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What cameras are ISO Invariant?

Hi 

The buzz for a while is the ISO-less approach to photography. I'm intrigued. I'm a Canon shooter so it hasn't applied to me !!

I'm contemplating getting the Sony AR7 II because it will allow me to use ISO-less techniques while using my current Canon lenses. Does anyone have a view on whether this lens with Sony idea is a good solution or not? I'm not keen on the Sony glass offerings at the moment 

The other idea is the Fuji X system. Are these really ISO Invariant or not? does anyone know about these things because I've read contradictory reports online. I know Neil did a review of a Fuji a while back but I don't believe he looked at this aspect of it's function. I'd be grateful for any help you could give me.

Thank you for your help

Comments

  • edited December 2015
    This was an interesting read..

    Good read:

  • Neil vNNeil vN Administrator
    I agree with this comment posted in that thread on DP Review: 

    "But...so what? Who wants to fix every low light image in post just to see if it's a keeper...or just to see it at all??

    It's the same as changing ISO. Okay. So just change the ISO because...you know...it's the same thing."
  • I do a fair bit of reading about photography and equipment, but I can't recall even hearing about "ISO invariance" before now. Or maybe I just skip over those articles. :)
  • TrevTrev Moderator
    Yep, me too Nikonguy, I had to get my mate Google tell me.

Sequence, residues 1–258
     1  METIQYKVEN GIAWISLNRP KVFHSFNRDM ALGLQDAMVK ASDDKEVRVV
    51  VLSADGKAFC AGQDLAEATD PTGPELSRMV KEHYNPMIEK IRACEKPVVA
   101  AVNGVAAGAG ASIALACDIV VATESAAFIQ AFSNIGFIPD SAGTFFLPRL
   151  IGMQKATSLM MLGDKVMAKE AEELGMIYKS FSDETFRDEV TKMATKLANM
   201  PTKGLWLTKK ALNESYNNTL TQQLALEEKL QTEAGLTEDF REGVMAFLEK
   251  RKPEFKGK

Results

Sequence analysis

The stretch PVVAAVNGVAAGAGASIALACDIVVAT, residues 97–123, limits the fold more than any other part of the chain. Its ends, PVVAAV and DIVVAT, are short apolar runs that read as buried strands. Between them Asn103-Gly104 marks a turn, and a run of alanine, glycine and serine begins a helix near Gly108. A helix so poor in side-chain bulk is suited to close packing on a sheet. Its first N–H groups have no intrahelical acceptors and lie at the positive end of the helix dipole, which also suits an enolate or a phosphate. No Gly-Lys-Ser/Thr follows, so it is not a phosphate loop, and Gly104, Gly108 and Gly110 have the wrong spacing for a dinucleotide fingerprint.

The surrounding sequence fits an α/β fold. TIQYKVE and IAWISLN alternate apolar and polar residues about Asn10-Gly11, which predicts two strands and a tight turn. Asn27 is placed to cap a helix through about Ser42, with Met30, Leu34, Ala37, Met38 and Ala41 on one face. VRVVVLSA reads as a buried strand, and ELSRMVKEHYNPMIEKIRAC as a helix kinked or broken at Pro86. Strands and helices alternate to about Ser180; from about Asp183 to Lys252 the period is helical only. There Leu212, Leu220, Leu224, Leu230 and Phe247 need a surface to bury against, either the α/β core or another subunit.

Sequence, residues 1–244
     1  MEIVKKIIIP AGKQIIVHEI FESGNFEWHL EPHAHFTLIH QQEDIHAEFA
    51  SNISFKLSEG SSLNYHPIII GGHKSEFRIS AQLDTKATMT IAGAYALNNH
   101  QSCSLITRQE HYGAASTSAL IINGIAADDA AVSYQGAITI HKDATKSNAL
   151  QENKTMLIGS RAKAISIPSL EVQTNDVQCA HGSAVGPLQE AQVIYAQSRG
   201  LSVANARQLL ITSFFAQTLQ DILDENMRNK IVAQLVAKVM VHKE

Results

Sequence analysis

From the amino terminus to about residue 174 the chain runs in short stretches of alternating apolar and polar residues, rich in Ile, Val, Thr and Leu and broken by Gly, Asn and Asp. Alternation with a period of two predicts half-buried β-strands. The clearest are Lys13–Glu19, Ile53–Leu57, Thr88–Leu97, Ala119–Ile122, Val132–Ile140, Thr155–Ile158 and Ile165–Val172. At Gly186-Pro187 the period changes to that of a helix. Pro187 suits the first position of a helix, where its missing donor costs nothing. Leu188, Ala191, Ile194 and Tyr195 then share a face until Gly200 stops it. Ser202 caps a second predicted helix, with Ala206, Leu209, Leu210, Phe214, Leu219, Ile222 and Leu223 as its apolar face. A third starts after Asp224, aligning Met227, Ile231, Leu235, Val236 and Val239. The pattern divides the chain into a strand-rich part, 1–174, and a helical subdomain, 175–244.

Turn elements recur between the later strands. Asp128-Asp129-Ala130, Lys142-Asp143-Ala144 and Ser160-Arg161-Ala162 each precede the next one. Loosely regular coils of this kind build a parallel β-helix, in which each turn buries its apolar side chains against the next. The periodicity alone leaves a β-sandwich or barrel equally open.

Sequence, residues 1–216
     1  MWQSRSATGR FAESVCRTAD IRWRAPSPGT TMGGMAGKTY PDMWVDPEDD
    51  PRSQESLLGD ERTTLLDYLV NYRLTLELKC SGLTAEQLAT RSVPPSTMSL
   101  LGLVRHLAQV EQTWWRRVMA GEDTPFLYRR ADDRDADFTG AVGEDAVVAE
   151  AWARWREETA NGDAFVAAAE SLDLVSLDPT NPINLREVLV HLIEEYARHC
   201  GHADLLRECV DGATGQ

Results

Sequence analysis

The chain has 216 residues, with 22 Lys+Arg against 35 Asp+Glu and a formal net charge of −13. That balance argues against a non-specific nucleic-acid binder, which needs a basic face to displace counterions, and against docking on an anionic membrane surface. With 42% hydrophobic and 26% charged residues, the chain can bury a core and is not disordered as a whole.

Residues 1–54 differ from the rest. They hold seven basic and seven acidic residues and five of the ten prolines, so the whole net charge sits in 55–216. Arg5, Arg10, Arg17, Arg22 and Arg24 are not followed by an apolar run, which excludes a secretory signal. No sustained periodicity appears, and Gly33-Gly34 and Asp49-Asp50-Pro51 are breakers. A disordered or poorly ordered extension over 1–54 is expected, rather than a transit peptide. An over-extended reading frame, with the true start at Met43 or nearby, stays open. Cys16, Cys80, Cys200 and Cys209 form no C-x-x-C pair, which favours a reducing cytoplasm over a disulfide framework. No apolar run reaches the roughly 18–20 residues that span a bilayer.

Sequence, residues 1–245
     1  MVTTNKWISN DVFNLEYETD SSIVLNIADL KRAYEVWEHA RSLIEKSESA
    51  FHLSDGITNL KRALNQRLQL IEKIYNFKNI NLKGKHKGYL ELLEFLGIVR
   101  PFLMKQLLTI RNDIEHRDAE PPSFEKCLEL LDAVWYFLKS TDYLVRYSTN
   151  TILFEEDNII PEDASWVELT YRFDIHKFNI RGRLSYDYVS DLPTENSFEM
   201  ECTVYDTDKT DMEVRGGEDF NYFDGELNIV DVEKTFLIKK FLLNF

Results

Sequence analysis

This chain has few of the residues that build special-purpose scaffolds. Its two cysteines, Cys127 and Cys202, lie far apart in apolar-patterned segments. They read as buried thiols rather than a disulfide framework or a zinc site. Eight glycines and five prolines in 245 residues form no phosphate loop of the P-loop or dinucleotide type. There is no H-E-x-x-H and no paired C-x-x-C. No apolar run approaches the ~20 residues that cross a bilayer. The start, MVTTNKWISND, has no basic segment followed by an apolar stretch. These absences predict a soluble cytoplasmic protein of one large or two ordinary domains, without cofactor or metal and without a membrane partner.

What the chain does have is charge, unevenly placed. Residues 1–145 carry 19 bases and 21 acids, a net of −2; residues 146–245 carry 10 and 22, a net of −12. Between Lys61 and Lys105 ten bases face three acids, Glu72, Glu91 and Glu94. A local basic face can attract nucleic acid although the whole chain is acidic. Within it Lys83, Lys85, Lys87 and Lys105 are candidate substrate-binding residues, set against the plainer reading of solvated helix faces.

I just don't see the point, I mean if you seeing an almost black screen on LCD, that would scare the bejeebers outta me, so why not just get it right in the first bloody place.
  • My understanding is that using this technique increases DR considerably allowing you to capture shots hitherto impossible by exposing for the highlights thus preserving them from blowing out and then raising the shadows to an acceptable lever. Have I missed something?
  • Changing the ISO wouldn't do this because you'd blow the highlights.
  • This is the first time I’ve heard of ISO invariant, it sound
    like you’re under exposing the image, exposing to the left limiting the amount
    of information the sensor is taking in. 
    Isn’t it better to expose for the high lights, expose to the right and let
    the sensor take in as much information as possible?

  • Neil vNNeil vN Administrator
    Then use proper exposure metering (including changing the ISO), and make sure you don't blow the highlights. 
  • wooster, you said "My understanding is that using this technique increases DR considerably
    allowing you to capture shots hitherto impossible by exposing for the
    highlights thus preserving them from blowing out and then raising the
    shadows to an acceptable lever. ... Changing the ISO wouldn't do this because you'd blow the highlights."

    Refer to what Neil just said. Setting ISO is part of the equation for a correct exposure.

    From my limited reading of the topic, the idea is that for "ISO invariant sensors" adjusting ISO in camera is really no different (and possibly worse) than always shooting at base ISO and adjusting exposure in post later.

    Even if it were true, it would be incredibly inconvenient to shoot like this. Even something as simple as reviewing the photo on the LCD, checking a histogram, even determining appropriate shutter speeds and apertures in the first place could be difficult if you were always shooting at base ISO and adjusting later.

    So this topic makes very little sense to me and I wouldn't base a camera purchase decision around it. My $0.02 only though.
  • It does rather make sense to get the ISO right to start with. Does a camera with this property help out at the extreme end of ISO, when I need a fast shutter speed but have low light? Or is it the case that because you are at the far end of the ISO, you have still run out of dynamic range?